Bloggo’s Number Crunch- Odd Odds

Odds that Phillies or Yankees Share Birthdays

Posted By: David Gassko
What are the odds that two players on a major league team’s active roster—the 25-man squad a team plays for most of the season—have the same birthday? You might imagine that they are fairly low—there are, after all, 365 days in a year, but just 25 active players on a baseball team. If you made that assumption, however, you’d be falling prey to a common statistical fallacy.
The odds that two players on a major league active roster will have the same birthday are in fact better than even. How can that be? It is all a matter of combinations.
1911 photograph of Fred Luderus, first baseman...

Image via Birthday-probabilities_leaderIf the question had been, what are the odds that you share a birthday with, for example, a Philadelphia Phillies player, the odds would be fairly low—about 1 in 15.09, in fact. But the odds that two players in the Phillies clubhouse have the same birthday are significantly higher, because we’re not comparing just one person to the whole clubhouse, we’re comparing the whole clubhouse to itself.Image via Image via Wikipedia

The graph above shows how the odds of two people having a matching birthday increase as the number of people being compared goes up.

In groups of 40 people—the size of a complete MLB team—the chances of a birthday match are about 90%. It’s no surprise, then, that the Yankees’ 40-man roster yields 2 matches (Edwar Ramirez and Mark Melancon on March 28 and Christian Garcia and Brett Gardner on August 24) and the Phillies’ 1 match (Clay Condrey and Ryan Howard will both celebrate their birthday on November 19).

Native American baseball player Ben Tincup of ...

Image via Wikipedia

A 25-person major league clubhouse happens to have just enough people to go over the breakeven point—the odds are half-and-half with a 23 person group. Luckily, that coincides with the size of many common groups—classrooms in high schools, small offices, and bars in off hours, if you’re the betting type. Few people would guess that in all of those settings, the chances that two people will have a matching birthday are so high, but as is often the case, that only illustrates how strange and unintuitive statistics can be.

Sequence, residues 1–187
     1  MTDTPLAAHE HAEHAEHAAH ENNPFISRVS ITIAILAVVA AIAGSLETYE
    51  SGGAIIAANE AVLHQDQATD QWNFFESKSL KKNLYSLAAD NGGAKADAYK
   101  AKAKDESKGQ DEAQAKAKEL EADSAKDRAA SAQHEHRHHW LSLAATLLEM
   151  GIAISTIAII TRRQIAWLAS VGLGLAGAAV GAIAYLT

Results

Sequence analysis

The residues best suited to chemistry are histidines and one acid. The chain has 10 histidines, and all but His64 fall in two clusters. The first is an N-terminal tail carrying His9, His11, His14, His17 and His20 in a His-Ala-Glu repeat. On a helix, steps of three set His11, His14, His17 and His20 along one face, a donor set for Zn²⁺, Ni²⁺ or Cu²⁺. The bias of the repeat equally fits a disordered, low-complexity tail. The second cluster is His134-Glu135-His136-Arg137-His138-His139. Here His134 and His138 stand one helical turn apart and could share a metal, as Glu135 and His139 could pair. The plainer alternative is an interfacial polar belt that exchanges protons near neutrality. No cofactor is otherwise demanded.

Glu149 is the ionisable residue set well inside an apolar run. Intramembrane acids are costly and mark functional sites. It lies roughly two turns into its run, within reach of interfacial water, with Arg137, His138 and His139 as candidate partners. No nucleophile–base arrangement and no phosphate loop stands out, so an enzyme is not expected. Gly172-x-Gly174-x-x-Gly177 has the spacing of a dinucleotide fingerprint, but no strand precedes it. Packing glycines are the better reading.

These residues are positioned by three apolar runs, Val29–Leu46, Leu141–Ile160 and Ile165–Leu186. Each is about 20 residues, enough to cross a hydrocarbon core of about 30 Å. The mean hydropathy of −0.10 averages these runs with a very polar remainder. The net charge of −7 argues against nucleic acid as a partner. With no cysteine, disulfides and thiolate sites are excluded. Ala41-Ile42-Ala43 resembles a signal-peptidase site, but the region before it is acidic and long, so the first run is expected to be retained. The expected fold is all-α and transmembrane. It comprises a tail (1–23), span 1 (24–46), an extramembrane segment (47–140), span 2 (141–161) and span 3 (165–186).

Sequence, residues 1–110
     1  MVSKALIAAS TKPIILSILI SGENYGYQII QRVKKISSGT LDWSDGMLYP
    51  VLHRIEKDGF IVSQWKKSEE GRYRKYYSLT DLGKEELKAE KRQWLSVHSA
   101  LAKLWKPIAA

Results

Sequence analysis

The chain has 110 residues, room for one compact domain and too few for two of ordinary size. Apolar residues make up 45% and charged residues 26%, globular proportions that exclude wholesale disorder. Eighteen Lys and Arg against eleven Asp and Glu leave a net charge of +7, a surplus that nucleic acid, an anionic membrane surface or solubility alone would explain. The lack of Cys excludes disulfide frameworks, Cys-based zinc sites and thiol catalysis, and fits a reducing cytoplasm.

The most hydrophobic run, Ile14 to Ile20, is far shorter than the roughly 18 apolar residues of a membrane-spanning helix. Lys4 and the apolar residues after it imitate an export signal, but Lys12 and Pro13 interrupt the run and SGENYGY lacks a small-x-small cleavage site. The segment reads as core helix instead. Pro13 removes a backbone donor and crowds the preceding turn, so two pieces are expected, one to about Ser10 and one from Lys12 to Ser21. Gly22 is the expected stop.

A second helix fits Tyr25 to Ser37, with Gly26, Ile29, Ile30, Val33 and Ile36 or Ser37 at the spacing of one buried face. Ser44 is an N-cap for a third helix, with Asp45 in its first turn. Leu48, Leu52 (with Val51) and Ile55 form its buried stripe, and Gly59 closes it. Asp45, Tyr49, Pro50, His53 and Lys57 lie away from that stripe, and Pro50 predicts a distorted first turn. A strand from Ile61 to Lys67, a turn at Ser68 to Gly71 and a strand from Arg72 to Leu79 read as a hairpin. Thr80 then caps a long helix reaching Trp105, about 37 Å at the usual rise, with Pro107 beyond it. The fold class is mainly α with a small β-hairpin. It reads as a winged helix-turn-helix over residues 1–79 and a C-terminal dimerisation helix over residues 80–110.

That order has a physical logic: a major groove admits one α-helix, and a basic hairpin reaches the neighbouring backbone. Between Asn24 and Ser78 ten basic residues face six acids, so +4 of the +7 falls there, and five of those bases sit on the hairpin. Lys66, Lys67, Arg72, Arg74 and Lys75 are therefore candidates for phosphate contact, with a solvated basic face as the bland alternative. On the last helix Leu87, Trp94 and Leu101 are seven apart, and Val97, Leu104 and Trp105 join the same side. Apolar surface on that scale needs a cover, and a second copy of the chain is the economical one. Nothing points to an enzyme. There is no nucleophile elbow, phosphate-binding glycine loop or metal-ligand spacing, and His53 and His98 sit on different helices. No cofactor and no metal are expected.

In other words, instead of having 1*25 = 25 combinations of dates to check, we suddenly have 25*24/2 = 300 combinations to check. With 300 possible combinations, you can see how the odds two players on the same active roster share a birthday will be pretty good—1 in 1.76 (57%) to be exact.As luck would have it, neither the Phillies’ nor the Yankees’ active rosters actually holds two players with the same birthday. But a comparison of the two teams’ 25-man rosters (25*25/2=312.5 combinations) does reveal one match: Yankees catcher Jorge Posada and Phillies pitcher Brett Myers were born exactly nine years apart—Posada on August 17, 1971 and Myers on August 17, 1980.

From the Book Of Odds


One thought on “Bloggo’s Number Crunch- Odd Odds

  1. Pingback: Let’s Try This Again Next Year- And Get It Right This Time | Bloggo Schloggo

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